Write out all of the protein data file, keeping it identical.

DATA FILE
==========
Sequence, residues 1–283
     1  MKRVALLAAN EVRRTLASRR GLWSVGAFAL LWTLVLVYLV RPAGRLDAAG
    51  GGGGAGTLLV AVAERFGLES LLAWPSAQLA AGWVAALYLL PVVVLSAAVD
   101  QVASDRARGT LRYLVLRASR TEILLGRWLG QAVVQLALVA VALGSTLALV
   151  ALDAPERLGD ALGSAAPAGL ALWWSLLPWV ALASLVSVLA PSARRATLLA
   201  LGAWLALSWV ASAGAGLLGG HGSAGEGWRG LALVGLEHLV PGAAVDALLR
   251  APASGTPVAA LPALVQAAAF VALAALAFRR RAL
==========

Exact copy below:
Sequence, residues 1–283
     1  MKRVALLAAN EVRRTLASRR GLWSVGAFAL LWTLVLVYLV RPAGRLDAAG
    51  GGGGAGTLLV AVAERFGLES LLAWPSAQLA AGWVAALYLL PVVVLSAAVD
   101  QVASDRARGT LRYLVLRASR TEILLGRWLG QAVVQLALVA VALGSTLALV
   151  ALDAPERLGD ALGSAAPAGL ALWWSLLPWV ALASLVSVLA PSARRATLLA
   201  LGAWLALSWV ASAGAGLLGG HGSAGEGWRG LALVGLEHLV PGAAVDALLR
   251  APASGTPVAA LPALVQAAAF VALAALAFRR RAL